Forbes: Modern Central Banking Is More Vulnerable Than We Think
Article by John Mauldin in Forbes
Banks are a place where you store your cash, right? Not exactly.
When you deposit money in a checking or savings account, you aren’t just letting the bank hold it on your behalf. You are lending the bank that money and the bank is borrowing it. That’s why deposits show as a liability on the bank’s balance sheet.
We think of banks as lenders, and they are, but they’re also borrowers. They make money by lending at higher rates than they pay as borrowers, and by leveraging their deposits via fractional reserves.
Modern Central Banking
This is obvious if you think about it.
How can your bank simultaneously a) promise you can withdraw your cash on demand and b) lend that same cash to someone else?
That’s possible only because they know only a few people will want their cash back on any given day. And if cash requirements are more than expected, they can borrow from other banks or the Federal Reserve, as needed.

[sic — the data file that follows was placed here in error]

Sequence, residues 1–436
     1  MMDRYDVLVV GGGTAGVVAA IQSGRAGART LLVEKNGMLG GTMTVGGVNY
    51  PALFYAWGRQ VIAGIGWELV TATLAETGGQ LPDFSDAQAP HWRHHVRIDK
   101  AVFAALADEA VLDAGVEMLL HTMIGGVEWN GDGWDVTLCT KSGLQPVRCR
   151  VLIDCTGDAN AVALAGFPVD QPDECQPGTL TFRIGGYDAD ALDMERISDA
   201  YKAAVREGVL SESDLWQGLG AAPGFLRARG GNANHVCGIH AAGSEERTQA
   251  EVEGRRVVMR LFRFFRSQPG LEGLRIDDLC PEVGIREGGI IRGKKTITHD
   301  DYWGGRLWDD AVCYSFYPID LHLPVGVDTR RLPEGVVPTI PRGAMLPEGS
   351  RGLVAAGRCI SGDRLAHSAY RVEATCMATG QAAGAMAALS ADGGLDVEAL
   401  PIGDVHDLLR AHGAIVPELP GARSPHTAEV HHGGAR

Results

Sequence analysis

Now, the system can be shaken up if too many people decide to hold physical paper money, or they transfer deposit money into other instruments banks can’t leverage as easily.
Central bank reserve requirements also play a role. The banking system is far more elaborate than the most complicated Swiss watch but it just keeps on ticking… until it stops.
Something weird happened in September, for reasons that remain a little murky. The repurchase agreement or “repo” market seized up.
We had a string of similar hiccups in 2007–2008. All were manageable but eventually they added up to something much worse. So, this wasn’t a good sign for market stability.
That’s the problem with unconventional monetary policy. It may solve your immediate problem but create bigger ones later.
To read this article in Forbes in its entirety, click here.